Merit Badge College 2019
February 2, 2019
(Snow date February 9, 2019)
Register Online Here Registration will open December 4
Limited classes will be available
Landisville Mennonite Church, 3320 Bowman Road, Landisville
Event registration starts at 8:00am, last session ends at 3:45pm
Merit Badge Session one is 9:00 AM-12:00 PM
Merit Badge Session two is 12:45-3:45 PM
Cost: $10 per scout
2019 Merit Badges Include:
10 Scouts per session
Bring a copy of the workbook or worksheet.
Bring something to wear outside that can get greasy/oily.
11a: Determine the value of three different vehicles you are interested in purchasing. One must be new, and one must be used; the third vehicle can be new or used. For each vehicle, find out the requirements and cost of automobile insurance to include basic liability and options for collision, comprehensive, towing, and rental car. Using the three vehicles you chose and with your merit badge counselor’s assistance, complete the operation/maintenance chart provided in the merit badge pamphlet. Use this information to determine the operating cost per mile for each vehicle and discuss what you learn with your counselor.
10 Scouts per session
Bring a copy of the workbook or worksheet.
Bring $5 to pay the counselor for materials needed in class.
1a: Describe three examples of safety equipment used in a chemistry laboratory and the reason each one is used.
1b: Describe what a safety data sheet (SDS) is and tell why it is used.
1c: Obtain an SDS for both a paint and an insecticide. Compare and discuss the toxicity, disposal, and safe-handling sections for these two common household products.
4a: Cut a round onion into small chunks. Separate the onion chunks into three equal portions. Leave the first portion raw. Cook the second portion of onion chunks until the pieces are translucent. Cook the third portion until the onions are caramelized, or brown in color. Taste each type of onion. Describe the taste of raw onion versus partially cooked onion versus caramelized onion.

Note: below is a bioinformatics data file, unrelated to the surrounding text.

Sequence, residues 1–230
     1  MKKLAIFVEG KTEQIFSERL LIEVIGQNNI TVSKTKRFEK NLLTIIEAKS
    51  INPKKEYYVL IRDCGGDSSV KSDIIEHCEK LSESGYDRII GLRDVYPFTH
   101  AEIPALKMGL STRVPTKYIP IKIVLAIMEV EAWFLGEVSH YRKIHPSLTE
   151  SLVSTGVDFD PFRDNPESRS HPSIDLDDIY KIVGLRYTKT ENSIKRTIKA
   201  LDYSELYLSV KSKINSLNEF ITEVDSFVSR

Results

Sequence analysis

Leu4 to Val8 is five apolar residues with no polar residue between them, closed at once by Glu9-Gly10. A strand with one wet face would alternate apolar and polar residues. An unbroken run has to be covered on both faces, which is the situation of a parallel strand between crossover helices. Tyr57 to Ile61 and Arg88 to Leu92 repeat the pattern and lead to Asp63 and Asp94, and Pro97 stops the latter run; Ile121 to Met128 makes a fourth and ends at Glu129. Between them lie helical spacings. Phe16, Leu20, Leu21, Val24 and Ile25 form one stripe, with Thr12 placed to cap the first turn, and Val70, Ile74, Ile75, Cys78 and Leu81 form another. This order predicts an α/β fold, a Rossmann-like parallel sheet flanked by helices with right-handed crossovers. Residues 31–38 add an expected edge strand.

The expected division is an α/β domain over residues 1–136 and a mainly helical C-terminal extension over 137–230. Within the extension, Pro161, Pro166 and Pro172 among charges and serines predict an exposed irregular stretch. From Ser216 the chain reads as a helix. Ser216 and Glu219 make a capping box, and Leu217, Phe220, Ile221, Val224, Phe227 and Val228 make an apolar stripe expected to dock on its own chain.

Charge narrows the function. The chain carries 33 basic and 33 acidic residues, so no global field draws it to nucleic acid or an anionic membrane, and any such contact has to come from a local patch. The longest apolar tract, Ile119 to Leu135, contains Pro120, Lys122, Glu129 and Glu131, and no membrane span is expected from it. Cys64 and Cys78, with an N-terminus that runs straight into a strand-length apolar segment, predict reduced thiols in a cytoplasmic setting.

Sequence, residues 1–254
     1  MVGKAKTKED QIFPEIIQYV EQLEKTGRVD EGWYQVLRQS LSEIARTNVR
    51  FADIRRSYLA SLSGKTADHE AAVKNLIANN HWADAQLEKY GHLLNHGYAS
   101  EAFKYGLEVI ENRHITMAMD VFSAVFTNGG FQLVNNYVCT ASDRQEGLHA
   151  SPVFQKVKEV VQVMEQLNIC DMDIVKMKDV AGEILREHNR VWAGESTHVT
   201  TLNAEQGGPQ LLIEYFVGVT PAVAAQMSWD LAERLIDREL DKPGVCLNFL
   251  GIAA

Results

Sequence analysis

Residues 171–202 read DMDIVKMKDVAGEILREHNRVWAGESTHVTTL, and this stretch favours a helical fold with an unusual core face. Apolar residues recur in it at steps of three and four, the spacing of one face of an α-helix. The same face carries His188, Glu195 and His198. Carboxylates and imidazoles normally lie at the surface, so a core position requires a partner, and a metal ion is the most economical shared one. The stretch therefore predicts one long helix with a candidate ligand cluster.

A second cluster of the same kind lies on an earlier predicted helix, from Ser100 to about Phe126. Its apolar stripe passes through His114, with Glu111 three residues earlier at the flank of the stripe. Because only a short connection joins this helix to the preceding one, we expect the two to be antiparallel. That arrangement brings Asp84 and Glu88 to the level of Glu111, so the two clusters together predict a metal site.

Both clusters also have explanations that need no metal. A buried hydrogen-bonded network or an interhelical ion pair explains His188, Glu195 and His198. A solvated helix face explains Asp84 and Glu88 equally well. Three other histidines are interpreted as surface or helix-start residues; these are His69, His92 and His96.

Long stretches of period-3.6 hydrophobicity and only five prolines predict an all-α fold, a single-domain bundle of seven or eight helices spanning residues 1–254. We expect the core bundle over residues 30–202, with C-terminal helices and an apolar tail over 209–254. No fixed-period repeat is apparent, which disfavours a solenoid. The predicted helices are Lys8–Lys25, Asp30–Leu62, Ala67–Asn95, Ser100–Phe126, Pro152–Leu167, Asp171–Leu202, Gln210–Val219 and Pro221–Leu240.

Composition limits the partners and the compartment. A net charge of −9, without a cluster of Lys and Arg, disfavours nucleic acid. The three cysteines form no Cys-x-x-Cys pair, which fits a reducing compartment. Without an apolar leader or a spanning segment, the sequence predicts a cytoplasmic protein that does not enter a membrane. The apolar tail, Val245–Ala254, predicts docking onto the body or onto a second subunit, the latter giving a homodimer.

7b: Using resources found at the library and in periodicals, books, and the Internet (with your parent’s permission), learn about two different kinds of work done by chemists, chemical engineers, chemical technicians, or industrial chemists. For each of the positions, find out the education and training requirements.
Citizenship in the Community
25 Scouts per session
3a: Attend a meeting of your city, town, or county council or school board; OR a municipal; county, or state court session.
3b: Choose one of the issues discussed at the meeting where a difference of opinions was expressed, and explain to your counselor why you agree with one opinion more than you do another one.
4a: Choose an issue that is important to the citizens of your community, then do the following: Find out which branch of local government is responsible for this issue.
4b: With your counselor’s and a parent’s approval, interview one person from the branch of government you identified in requirement 4a. Ask what is being done about this issue and how young people can help.
4c: Share what you have learned with your counselor.
7a: Identify three charitable organizations outside of Scouting that interest you and bring people in your community together to work for the good of your community.
7b: Pick ONE of the organizations you chose for requirement 7a. Using a variety of resources (including newspapers, fliers and literature, the Internet, volunteers, and employees of the organization), find out more about this organization.
7c: With your counselor’s and your parent’s approval, contact the organization you chose for requirement 7b and find out what young people can do to help. While working on this merit badge, volunteer at least eight hours of your time for the organization. After your volunteer experience is over, discuss what you have learned with your counselor.